JAMDA: New trends in LTC populations
What does your target resident population look like? It may be a lot younger and more diverse than you think, according to an article published in JAMDA.
The article, “Whom Do We Serve? Describing the Target Population for Post-Acute and Long-Term Care, Focusing on Nursing Facility Settings, in the Era of Population Health,” is derived from data analyzed by the AMDA—Society for Post-Acute and Long-Term Care Medicine Population Health Workgroup on which services and care settings are being utilized the most.
About 12 million people in the United States receive some level of long-term services and supports. The majority of long-term and post-acute care recipients are between the ages of 65 and 85, but during the past 20 years, the number of younger people seeking services has nearly doubled from 8 to 15 percent.
Perhaps the biggest trend over the past few decades has been the surging demands for home-based care and services provided by home health agencies. In 2011, more than 1 million people were living in nursing homes, but as those numbers have decreased, the numbers of those now using home health agency services has increased to nearly 3.5 million.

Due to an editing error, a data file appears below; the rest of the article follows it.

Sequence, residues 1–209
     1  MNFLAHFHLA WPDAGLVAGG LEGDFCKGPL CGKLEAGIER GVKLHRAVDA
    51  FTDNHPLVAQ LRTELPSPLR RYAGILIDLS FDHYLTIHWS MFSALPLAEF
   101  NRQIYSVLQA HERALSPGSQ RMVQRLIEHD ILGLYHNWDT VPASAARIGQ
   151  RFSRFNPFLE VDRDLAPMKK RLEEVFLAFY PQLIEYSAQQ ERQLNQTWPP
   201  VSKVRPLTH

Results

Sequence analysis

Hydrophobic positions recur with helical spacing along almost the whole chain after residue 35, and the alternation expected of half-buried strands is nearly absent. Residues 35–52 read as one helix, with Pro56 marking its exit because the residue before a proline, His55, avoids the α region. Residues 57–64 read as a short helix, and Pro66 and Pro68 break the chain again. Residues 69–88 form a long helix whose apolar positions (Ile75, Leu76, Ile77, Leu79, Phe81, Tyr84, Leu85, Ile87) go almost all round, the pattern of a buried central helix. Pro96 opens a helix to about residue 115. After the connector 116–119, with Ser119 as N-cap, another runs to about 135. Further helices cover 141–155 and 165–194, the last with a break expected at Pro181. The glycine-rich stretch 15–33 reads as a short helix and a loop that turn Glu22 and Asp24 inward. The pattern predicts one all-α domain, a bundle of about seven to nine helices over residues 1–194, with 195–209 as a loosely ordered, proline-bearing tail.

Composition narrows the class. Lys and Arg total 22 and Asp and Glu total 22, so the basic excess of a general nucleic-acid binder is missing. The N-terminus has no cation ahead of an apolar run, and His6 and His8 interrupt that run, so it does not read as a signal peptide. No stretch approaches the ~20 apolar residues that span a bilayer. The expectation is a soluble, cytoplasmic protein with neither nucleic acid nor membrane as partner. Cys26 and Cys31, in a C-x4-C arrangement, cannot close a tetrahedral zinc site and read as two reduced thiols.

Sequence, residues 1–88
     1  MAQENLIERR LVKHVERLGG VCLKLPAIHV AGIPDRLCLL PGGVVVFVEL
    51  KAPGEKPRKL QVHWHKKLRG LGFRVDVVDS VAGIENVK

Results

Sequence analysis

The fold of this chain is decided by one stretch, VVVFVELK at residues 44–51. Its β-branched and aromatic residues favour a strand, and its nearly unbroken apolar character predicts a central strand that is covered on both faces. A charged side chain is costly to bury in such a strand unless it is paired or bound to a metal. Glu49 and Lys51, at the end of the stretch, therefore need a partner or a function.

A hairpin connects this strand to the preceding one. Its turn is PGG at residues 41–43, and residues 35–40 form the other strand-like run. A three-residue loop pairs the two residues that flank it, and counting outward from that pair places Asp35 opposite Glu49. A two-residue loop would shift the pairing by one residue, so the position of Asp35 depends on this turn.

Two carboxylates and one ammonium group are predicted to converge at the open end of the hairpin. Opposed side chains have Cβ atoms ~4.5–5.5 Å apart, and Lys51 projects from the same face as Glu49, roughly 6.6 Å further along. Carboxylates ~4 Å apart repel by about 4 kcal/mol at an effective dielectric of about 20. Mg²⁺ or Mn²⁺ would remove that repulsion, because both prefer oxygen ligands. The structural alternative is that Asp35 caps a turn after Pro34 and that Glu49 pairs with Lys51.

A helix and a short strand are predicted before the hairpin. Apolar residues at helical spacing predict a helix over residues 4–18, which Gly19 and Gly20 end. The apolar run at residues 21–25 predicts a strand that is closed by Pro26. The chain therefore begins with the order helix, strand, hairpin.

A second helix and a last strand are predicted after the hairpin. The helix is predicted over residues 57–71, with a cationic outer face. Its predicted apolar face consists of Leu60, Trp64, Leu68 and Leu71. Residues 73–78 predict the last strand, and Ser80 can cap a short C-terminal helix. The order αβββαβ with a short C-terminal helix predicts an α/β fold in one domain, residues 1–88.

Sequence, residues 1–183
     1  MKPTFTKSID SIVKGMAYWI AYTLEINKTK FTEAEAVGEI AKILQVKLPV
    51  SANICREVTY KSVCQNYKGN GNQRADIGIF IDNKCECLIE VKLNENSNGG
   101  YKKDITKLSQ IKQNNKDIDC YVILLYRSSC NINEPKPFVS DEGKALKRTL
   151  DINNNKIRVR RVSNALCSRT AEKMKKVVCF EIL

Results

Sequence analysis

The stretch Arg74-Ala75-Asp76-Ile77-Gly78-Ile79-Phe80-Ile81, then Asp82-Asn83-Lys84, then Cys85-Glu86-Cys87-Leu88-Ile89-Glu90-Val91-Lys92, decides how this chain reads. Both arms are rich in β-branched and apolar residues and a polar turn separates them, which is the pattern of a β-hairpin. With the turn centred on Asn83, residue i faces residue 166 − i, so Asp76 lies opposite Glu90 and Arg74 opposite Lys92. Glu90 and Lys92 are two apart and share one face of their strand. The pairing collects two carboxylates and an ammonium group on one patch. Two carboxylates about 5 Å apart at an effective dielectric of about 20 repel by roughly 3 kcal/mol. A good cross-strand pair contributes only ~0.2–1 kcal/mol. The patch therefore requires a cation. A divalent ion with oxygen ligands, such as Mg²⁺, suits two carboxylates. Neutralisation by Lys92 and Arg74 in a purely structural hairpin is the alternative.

Meanwhile, those who reside in nursing homes tend to have rising clinical acuities, but disease management strategies seem to be having an impact: The number of nursing home residents requiring help with five or more activities of daily living dropped significantly from 52 percent to just 23 percent.
Marital status also has shifted in the past few decades. The percentage of married residents has jumped from 12 percent to 33 percent, while the number of widowed residents has dropped 20 percent.
Resident diversity has also increased, but not as much as you might think. African Americans in nursing homes have tripled since 1973 to 13 percent, a bit higher than the U.S. percentage of 9 percent of those over age 65. Hispanic residents are also increasing, but still remain below 5 percent, despite the fact that Hispanics comprise 8 percent of the U.S. population over age 65.
Pamela Tabar was editor-in-chief of I Advance Senior Care from 2013-2018. She has worked as a writer and editor for healthcare business media since 1998, including as News Editor of Healthcare Informatics. She has a master’s degree in journalism from Kent State University and a master’s degree in English from the University of York, England.
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